When Jamaica outlasted Panama 4-2 in a tie-breaker to win the match for third-place, Sydney and the Reggae Girlz had not only earned Jamaica’s first-ever spot in the FIFA Women’s World Cup, but also the first for any team from the Caribbean.
In Jamaica’s first World Cup game against Brazil, Sydney stopped a penalty kick in the first half to keep her team within 1-0. The play drew a “Yes, mi keeper!” tweet from Bolt, the medal-winning sprinter from Jamaica. Solo, the former goalkeeper for United States women’s national teams, also sent encouragement on Twitter with “Massive save and performance by Syd Schneider – Your focus and talent is a showcase of how pivotal goalkeepers are in the World Cup. Good Luck through the rest of the tournament Sydney and all the Reggae Girls!” Sydney talks about the sudden notoriety at 21:10 of the podcast, and about balancing the positives of her performance with the reality that her team eventually lost the history-making match by a score of 6-0.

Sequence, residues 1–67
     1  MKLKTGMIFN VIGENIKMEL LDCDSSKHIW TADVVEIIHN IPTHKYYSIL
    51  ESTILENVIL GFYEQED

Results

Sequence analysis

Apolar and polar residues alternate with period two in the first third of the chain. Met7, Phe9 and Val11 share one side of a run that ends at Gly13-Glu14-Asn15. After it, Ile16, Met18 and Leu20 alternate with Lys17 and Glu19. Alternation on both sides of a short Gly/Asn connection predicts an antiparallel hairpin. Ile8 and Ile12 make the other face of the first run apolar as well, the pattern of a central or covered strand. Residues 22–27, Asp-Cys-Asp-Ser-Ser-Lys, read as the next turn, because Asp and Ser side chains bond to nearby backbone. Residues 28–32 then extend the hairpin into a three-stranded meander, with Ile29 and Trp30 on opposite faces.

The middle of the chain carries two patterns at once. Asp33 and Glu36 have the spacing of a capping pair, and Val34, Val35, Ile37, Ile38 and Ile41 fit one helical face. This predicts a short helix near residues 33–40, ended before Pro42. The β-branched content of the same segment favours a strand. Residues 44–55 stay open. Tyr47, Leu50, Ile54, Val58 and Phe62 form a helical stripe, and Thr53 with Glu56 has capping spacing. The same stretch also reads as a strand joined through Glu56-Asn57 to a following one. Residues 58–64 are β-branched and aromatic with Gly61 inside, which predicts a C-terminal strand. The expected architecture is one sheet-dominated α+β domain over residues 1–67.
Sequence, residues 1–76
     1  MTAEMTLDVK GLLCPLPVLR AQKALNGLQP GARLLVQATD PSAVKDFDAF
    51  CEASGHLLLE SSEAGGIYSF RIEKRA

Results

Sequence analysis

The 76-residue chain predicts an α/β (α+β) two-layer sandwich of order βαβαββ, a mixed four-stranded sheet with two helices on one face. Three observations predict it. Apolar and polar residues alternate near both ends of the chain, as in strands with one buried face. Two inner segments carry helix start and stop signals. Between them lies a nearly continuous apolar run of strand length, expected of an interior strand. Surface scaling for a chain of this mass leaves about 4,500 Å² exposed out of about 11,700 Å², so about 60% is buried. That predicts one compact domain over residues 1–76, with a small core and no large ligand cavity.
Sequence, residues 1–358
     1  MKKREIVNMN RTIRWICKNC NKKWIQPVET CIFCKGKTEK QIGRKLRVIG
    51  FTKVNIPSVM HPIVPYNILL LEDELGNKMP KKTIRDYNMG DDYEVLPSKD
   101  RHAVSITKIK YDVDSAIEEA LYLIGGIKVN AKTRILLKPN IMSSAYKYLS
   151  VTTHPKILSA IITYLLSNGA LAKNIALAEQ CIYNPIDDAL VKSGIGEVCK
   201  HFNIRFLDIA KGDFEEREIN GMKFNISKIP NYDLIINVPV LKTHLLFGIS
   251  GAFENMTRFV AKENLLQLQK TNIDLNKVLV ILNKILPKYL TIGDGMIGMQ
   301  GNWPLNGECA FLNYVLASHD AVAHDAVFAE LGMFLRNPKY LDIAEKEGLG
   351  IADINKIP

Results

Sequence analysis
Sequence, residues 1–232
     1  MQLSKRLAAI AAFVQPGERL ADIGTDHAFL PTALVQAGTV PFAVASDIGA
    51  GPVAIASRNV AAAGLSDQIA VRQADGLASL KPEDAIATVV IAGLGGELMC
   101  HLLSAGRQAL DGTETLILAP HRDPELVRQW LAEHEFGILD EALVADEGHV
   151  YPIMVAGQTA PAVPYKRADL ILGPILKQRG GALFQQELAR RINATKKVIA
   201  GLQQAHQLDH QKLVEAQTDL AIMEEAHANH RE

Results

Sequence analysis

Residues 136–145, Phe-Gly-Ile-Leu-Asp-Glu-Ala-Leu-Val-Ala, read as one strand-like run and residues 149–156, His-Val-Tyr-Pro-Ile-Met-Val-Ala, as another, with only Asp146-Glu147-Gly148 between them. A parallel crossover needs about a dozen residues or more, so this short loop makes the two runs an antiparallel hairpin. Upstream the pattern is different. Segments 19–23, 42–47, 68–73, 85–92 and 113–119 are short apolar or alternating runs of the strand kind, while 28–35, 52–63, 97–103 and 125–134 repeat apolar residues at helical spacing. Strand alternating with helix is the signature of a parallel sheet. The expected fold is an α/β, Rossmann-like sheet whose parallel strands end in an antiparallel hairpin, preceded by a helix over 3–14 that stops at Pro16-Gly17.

“Honestly, after that game, the vibe did not feel like we lost,” she said. “It was kind of like ‘We played our first game! Wow!’ Everyone was pretty excited. Obviously, it wasn’t the result we wanted. It wasn’t one of those games where everyone has their head down and is really glum.”
Sydney played in the team’s third match of the World Cup and has also started in goal for the Jamaican women’s national team at the Pan American Games in Lima, Peru. She is set to return to UNC Wilmington for her junior season, and plans to graduate a semester early with a degree in Exercise Science. As for the future, Sydney wants to take her game to the next level.
“I think I’m going to play professionally,” she said. “It was sort of a back and forth, but then my stepdad said ‘you have to try it. Say you have this opportunity and you don’t take it. You’re not going to regret taking it, and if you don’t like it, you don’t like it. But if you just don’t do it, you’re going to regret not doing it’.”
Sydney and I talked about many other things, including equal pay for women’s soccer players, whether she felt overwhelmed stepping out onto the field during the opening match of the Women’s World Cup, and how the daughter of legendary musician Bob Marley helped invigorate the Jamaican women’s national team. I hope you enjoy the interview as much as I did.
You can watch Sydney and the Lady Seahawks in action, when they host two exhibition matches on August 10th and 16th. The team’s home opener is scheduled for August 29th against Coastal Carolina.
You can hear my full interview with UNCW junior Sydney Schneider, on her experience making history with the Jamaican women’s national team at the 2019 FIFA Women’s World Cup, by clicking on any of the links below.